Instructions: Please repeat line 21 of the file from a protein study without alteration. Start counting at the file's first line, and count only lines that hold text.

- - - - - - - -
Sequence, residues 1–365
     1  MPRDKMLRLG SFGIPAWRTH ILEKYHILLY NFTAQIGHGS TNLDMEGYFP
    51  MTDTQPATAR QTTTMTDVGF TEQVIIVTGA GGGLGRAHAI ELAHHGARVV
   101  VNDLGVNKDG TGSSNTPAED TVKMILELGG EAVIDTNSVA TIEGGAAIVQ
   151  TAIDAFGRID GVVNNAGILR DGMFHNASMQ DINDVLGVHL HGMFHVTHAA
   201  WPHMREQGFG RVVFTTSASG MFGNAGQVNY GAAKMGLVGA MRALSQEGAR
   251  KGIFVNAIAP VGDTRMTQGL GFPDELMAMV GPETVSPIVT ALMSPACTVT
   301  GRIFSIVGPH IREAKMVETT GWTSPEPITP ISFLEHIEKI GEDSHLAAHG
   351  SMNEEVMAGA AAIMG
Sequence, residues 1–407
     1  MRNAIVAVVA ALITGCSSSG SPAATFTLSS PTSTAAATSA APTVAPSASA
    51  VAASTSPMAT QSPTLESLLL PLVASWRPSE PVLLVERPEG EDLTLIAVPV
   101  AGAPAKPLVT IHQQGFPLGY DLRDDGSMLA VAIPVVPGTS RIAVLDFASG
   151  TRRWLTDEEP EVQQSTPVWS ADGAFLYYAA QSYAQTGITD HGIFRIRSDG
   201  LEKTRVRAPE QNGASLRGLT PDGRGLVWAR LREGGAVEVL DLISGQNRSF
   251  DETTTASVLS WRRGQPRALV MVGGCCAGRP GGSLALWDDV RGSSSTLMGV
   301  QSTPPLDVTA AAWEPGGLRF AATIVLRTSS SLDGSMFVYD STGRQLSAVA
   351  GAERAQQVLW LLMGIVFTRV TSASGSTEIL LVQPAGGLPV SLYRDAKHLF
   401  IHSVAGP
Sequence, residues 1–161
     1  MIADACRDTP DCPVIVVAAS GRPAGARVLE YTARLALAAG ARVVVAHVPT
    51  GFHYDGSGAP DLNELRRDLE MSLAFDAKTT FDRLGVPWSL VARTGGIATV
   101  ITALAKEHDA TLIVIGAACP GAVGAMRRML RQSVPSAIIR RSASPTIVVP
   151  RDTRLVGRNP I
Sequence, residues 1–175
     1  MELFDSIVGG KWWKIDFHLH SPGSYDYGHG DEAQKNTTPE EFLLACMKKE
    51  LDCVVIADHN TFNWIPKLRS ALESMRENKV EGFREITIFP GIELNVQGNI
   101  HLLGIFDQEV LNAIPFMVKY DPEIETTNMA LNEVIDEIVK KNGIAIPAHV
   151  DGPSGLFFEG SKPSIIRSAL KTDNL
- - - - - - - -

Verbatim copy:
     1  MIADACRDTP DCPVIVVAAS GRPAGARVLE YTARLALAAG ARVVVAHVPT